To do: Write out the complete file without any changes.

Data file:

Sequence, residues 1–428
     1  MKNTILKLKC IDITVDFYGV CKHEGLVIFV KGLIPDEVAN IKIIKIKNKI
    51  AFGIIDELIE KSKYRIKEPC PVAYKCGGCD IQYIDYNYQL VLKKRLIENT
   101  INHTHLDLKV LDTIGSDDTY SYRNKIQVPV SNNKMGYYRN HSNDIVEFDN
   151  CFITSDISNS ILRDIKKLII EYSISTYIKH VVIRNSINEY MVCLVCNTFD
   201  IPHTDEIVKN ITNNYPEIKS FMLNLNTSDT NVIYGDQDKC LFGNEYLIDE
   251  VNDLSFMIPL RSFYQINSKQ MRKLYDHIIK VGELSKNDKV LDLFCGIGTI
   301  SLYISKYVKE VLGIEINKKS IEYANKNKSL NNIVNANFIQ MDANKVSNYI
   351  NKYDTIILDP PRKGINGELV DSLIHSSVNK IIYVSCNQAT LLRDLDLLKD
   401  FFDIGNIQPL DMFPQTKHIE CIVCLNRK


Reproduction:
Sequence, residues 1–428
     1  MKNTILKLKC IDITVDFYGV CKHEGLVIFV KGLIPDEVAN IKIIKIKNKI
    51  AFGIIDELIE KSKYRIKEPC PVAYKCGGCD IQYIDYNYQL VLKKRLIENT
   101  INHTHLDLKV LDTIGSDDTY SYRNKIQVPV SNNKMGYYRN HSNDIVEFDN
   151  CFITSDISNS ILRDIKKLII EYSISTYIKH VVIRNSINEY MVCLVCNTFD
   201  IPHTDEIVKN ITNNYPEIKS FMLNLNTSDT NVIYGDQDKC LFGNEYLIDE
   251  VNDLSFMIPL RSFYQINSKQ MRKLYDHIIK VGELSKNDKV LDLFCGIGTI
   301  SLYISKYVKE VLGIEINKKS IEYANKNKSL NNIVNANFIQ MDANKVSNYI
   351  NKYDTIILDP PRKGINGELV DSLIHSSVNK IIYVSCNQAT LLRDLDLLKD
   401  FFDIGNIQPL DMFPQTKHIE CIVCLNRK